It gives me no pleasure to say this, but War Horse is Steven Spielberg at his most mawkish and least convincing. This is a noble but misjudged failure that finds a master director seriously at odds with his source material.
For a film that strives so hard for emotional heft, it falls frequently, spectacularly short. Episodic, overlong and often just plain weird, this is a lachrymose concoction of 40s Hollywood studio picture, WWI epic and family drama.
In making a film based on such unusual material – a children’s book told from a horse’s perspective and the subsequent stage play that realises the story through puppetry – Spielberg was always going to have to address a major issue: how to capture the right tone and translate this into a piece of cinema. The answer seems to have been to make a film stitched together from other, older WWI movies.
Peter Mullan and Emily Watson (spouting much clunky, expository dialogue) play the Narracotts – toiling farm folk, financially yoked to cruel landlord David Thewlis. When Mullan buys a nag that sinks them further into debt, it looks certain they will lose the family home. Step forward the couple’s son Albert – newcomer Jeremy Irvine – who puts ‘Joey’ to work on the land (cue first ‘rousing’ Spielberg moment), forming an unshakeable bond with the beast. When the plough fails, Joey is sold on to an army officer (Tom Hiddleston) for the imminent war effort.
The first twenty minutes of War Horse are, frankly, disastrous and hobble the film before it gets out of the starting blocks. This opening stretch is one of the oddest in the Spielberg canon – a cross between The Darling Buds of May and How Green Was My Valley that veers between earnest drama and comedy and never feels like a comfortable fit for this director. It’s evident what Spielberg is aiming for, but – despite typically strong cinematography from Janusz Kamiński – the film feels more like Ron (Howard) than John (Ford). Opinions will be divided on Irvine’s performance, although it’s not his fault that he is required to constantly stare dreamily at Joey, in moments that suggest he should maybe get out of the stables for a bit and meet a nice local girl.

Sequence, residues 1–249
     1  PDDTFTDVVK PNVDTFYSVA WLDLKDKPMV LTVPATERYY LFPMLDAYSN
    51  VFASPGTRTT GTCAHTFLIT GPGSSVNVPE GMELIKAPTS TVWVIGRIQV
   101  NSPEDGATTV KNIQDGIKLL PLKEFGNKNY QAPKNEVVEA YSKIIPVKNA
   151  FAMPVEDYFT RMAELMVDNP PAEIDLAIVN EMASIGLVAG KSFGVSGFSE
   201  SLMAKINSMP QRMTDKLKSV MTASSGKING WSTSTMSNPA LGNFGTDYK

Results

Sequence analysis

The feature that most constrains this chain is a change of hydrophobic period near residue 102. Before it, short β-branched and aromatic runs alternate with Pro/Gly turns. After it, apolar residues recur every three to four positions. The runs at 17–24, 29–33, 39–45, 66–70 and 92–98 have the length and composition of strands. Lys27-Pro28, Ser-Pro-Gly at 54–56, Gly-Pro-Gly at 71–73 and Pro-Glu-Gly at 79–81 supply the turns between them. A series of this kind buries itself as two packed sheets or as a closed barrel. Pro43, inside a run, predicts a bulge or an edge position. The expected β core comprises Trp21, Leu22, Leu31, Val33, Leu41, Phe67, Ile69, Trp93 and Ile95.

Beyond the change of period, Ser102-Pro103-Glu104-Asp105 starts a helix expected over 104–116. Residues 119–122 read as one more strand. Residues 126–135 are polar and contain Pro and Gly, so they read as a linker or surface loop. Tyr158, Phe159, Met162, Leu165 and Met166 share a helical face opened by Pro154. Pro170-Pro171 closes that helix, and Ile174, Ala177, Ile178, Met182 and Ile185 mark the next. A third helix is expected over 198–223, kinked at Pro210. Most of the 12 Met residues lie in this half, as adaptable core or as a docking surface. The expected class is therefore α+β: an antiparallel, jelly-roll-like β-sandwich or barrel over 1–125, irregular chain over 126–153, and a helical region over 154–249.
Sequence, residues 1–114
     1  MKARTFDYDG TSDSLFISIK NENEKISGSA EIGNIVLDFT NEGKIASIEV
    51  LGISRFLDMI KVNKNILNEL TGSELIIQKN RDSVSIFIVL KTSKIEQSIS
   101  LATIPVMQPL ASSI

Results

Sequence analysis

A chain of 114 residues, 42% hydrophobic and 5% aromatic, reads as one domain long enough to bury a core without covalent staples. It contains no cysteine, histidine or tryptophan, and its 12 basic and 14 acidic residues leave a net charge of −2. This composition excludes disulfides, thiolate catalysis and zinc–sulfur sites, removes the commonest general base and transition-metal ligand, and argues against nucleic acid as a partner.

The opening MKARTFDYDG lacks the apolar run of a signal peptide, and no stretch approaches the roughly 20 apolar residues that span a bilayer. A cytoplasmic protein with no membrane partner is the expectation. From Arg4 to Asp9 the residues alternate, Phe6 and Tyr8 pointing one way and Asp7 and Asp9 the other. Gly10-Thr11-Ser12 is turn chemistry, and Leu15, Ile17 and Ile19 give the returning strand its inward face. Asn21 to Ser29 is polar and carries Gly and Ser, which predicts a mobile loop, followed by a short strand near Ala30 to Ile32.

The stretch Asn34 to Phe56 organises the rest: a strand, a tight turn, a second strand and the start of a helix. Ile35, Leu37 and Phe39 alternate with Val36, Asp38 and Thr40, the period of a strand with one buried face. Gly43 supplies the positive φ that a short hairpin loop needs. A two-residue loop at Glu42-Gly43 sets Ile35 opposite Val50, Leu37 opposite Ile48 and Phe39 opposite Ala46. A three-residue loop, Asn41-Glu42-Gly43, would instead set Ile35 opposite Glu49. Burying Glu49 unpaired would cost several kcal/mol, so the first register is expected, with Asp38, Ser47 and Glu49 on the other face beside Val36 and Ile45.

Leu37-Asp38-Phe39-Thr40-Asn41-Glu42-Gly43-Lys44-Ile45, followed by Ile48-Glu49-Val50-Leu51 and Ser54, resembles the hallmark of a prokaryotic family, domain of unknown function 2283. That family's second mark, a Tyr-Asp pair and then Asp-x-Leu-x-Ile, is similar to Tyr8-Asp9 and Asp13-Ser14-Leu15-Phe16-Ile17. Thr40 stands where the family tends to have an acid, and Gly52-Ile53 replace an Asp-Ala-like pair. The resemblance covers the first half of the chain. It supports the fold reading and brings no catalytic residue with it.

Things improve considerably when Joey is put into battle as part of a near-suicidal cavalry charge against the Germans. Spielberg gets the big guns out here, employing the full arsenal of forty years of cinema experience. The result is exciting, resonant and brutal. It is a tremendous sequence that stands alongside the best work of this brilliant, natural filmmaker. The introduction of actors like Hiddleston and Benedict Cumberbatch lend the film an air of quality Brit drama and there is a sense that War Horse might settle into thrilling, Sunday afternoon fare. But when Joey is captured by the Germans, the film starts to falter again.
The basic problem in War Horse is one of connection, particularly Speilberg’s to the material (is there really any? It never feels like it). The characters that interact with Joey feel like stock figures and broad caricatures, robbing the film of emotional power and interest. War Horse never feels like a journey – for either Albert, Joey or the audience. John Williams’ score is (over) employed to create a sense of the epic that the film never attains. And Richard Curtis’ script is a very odd beast indeed. You would’ve thought that the man who wrote one of the most spectacular and moving elegies to war ever (Blackadder Goes Forth) would nail this stuff, but the dialogue is unnatural and clunky throughout.
There are glimpses of a greatness that might’ve been. And a scene in no man’s land – involving a trapped Joey and the warring German and English armies is, in visual terms at least, magnificently realised. But at 146 minutes the film is too ragged and unfocused. It stumbles where it should be fleet of foot, and too often pulls up short when it should be taking us on an exciting ride.
A couple of weeks after seeing the film I ended up winning a copy of the Michael Morpurgo’s original novel in my local film quiz. A slim, economic fable with tight narrative focus, I can see why it has become such a powerful and enthralling read for children. I’ve never seen the stage show, but its success seems to rest on the remarkable use of a puppet horse which has wowed audiences worldwide. In Spielberg’s film, despite having a quality cast and a real horse at his disposal, the strings are all too visible to see.